Ask The Home Inspector !
Under Construction


GFCI

WHAT IS A GFCI?
ground fault circuit interrupter (GFCI) is an electrical device which is designed to protect people from electrical shock in a damp or wet environment. A GFCI can be a receptacle (wall plug outlet) or a circuit breaker (in the main electrical panel). Even though GFCI's have been around since the early "70's", many older homes, even after remodeling, and some newer homes, are constructed without the installation of these important safety devices.

WHAT IS A GROUND FAULT AND WHY IS IT DANGEROUS?
A ground fault in an electrical circuit, extension cord, tool or appliance which permits electrical current to flow from the live wire to ground. Faults usually occur as a result of worn insulation, moisture, tools that have deteriorated from age or abuse and, in some cases, from the three-wire plugs that have been replaced and subsequently wired incorrectly.
Ground faults are very dangerous when a person becomes part of the electrical path or circuit to ground. When electrical current escapes through a faulty connection, it seeks a path to ground. The person touching that connection while standing in a wet or damp environment, or touching a sink or tap, becomes a good path to ground. The electrical current flowing through a person's body to ground can result in serious injury or death. Remember, as little as 25 milliamps can stop a person's heart.

HOW DOES THE GFCI WORK?
When an appliance is plugged into a GFCI-protection circuit, the electrical current passing through the circuit is carefully monitored by the device. The GFCI almost instantly senses an electrical ground fault. if the current varies by so much as 5 milliamps, the GFCI interrupts the current, stopping the flow of electrical energy before someone can be harmed. It is commonly recommended that GFCI protection be provided at  exterior outlets, bathrooms, garages, pools, spas and other areas where wet conditions may create a hazardous situation.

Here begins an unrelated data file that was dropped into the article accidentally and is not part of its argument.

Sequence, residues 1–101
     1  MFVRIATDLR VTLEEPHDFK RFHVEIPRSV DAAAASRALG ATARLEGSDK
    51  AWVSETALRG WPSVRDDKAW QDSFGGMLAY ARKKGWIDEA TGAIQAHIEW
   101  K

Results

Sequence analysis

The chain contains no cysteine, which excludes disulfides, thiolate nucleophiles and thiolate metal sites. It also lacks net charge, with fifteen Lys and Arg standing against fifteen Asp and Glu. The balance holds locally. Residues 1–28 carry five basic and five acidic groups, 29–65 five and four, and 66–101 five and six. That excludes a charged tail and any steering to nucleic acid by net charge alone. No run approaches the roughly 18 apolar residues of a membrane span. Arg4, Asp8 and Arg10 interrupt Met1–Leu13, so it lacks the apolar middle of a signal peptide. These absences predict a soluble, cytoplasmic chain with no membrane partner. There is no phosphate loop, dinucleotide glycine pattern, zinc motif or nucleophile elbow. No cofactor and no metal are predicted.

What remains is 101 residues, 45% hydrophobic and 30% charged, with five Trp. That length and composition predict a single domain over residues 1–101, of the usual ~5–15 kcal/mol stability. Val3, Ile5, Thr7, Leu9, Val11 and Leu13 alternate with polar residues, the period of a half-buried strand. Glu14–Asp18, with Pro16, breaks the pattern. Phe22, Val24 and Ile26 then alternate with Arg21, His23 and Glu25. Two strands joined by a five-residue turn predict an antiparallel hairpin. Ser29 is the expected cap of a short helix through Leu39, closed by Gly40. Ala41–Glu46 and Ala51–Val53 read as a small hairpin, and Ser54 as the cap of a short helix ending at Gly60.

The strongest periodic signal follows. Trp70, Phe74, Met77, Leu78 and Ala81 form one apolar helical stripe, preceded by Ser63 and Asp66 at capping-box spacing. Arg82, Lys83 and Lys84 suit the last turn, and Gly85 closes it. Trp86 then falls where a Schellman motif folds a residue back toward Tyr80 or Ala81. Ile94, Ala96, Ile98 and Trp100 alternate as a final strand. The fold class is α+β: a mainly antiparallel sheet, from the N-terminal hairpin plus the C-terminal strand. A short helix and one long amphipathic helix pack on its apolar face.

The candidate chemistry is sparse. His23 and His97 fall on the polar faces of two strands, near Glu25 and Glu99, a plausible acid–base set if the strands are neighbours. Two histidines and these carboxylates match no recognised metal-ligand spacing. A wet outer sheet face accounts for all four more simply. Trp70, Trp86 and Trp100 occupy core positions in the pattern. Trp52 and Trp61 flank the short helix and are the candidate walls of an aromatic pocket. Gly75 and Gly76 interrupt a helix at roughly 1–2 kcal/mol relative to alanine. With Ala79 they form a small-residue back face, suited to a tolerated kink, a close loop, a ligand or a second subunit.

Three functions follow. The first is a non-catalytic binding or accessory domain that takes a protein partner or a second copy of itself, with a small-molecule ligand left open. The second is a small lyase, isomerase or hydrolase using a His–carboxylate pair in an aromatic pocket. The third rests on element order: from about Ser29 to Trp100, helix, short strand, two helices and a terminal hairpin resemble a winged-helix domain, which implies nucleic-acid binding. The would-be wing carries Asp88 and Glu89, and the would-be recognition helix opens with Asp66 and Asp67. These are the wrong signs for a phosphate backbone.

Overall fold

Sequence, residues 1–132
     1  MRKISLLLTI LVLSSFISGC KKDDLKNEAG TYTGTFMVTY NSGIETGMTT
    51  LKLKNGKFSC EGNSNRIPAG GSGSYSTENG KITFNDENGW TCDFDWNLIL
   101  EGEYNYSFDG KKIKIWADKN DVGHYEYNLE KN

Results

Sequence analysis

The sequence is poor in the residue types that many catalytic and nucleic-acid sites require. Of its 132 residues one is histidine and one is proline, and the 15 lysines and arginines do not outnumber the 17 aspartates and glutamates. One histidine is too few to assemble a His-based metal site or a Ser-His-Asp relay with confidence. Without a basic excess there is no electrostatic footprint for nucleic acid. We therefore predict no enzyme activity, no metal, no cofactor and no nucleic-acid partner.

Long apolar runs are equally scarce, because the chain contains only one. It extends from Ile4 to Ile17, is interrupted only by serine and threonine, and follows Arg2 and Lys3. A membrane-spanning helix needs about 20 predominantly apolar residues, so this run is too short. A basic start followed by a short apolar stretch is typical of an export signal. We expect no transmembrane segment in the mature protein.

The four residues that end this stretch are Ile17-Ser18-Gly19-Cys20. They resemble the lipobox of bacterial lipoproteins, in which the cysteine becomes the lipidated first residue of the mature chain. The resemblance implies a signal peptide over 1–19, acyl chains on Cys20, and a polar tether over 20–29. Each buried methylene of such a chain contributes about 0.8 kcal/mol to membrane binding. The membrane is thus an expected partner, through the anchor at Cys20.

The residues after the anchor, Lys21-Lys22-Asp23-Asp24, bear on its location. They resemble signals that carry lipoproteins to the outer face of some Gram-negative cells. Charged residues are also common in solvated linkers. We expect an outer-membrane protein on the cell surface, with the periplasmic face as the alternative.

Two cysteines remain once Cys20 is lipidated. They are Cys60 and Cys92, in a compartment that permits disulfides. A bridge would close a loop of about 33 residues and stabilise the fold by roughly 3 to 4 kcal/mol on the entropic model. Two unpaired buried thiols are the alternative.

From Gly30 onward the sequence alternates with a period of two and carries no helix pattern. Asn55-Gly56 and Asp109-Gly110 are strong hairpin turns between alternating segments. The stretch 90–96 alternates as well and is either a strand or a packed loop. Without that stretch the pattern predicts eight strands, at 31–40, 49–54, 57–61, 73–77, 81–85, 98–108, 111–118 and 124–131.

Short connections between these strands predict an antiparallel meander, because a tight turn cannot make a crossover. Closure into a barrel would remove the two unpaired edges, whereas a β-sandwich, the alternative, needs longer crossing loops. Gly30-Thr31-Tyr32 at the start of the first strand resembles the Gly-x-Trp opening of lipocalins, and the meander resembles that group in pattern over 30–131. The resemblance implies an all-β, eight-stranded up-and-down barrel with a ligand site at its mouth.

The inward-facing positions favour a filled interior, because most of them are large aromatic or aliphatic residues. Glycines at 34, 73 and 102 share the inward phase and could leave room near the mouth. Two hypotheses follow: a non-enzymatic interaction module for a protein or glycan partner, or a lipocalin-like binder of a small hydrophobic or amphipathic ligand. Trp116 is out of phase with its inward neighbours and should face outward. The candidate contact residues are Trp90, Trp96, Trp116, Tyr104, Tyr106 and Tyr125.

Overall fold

DOESN'T A CIRCUIT BREAKER PROVIDE THAT PROTECION?
No. Fuses or circuit breakers are primarily designed to protect the electrical system wiring and equipment. They will not protect anyone from serious electrical injury during a ground fault. Be cautioned also that GFCI protection is not over-current protection. GFCI's only protect against ground faults - not electrical overloads.

TEST REGULARLY.
As with any other safety device, the GFCI should be tested periodically. Some manufacturers even include a check sheet for you to keep track of the date when you last tested your GFCI. A test is simple. Just plug in an appliance such as a light or radio into the GFCI-protected circuit. Next, push the "test" button on the receptacle or circuit breaker. If the button pops out and the appliance stops working (there is no electrical power to the receptacle) the GFCI is working properly. If the button does not pop out, or if it does but the appliance keeps functioning, then you should call a licensed electrician to check your GFCI.

WARNING.
The Canadian Building Consulting Group INC. strongly advises against touching or testing any electrical device before careful visual inspection to make sure there are no exposed wires or broken components. Also, you should ensure that you are standing on a safe, dry location. NEVER TOUCH THE WIRES THAT LEAD FROM THE HOUSE WIRING TO THE RECEPTACLE. If you are in any doubt about the serviceability of any electrical system, on your house, you should call a qualified, licensed electrician.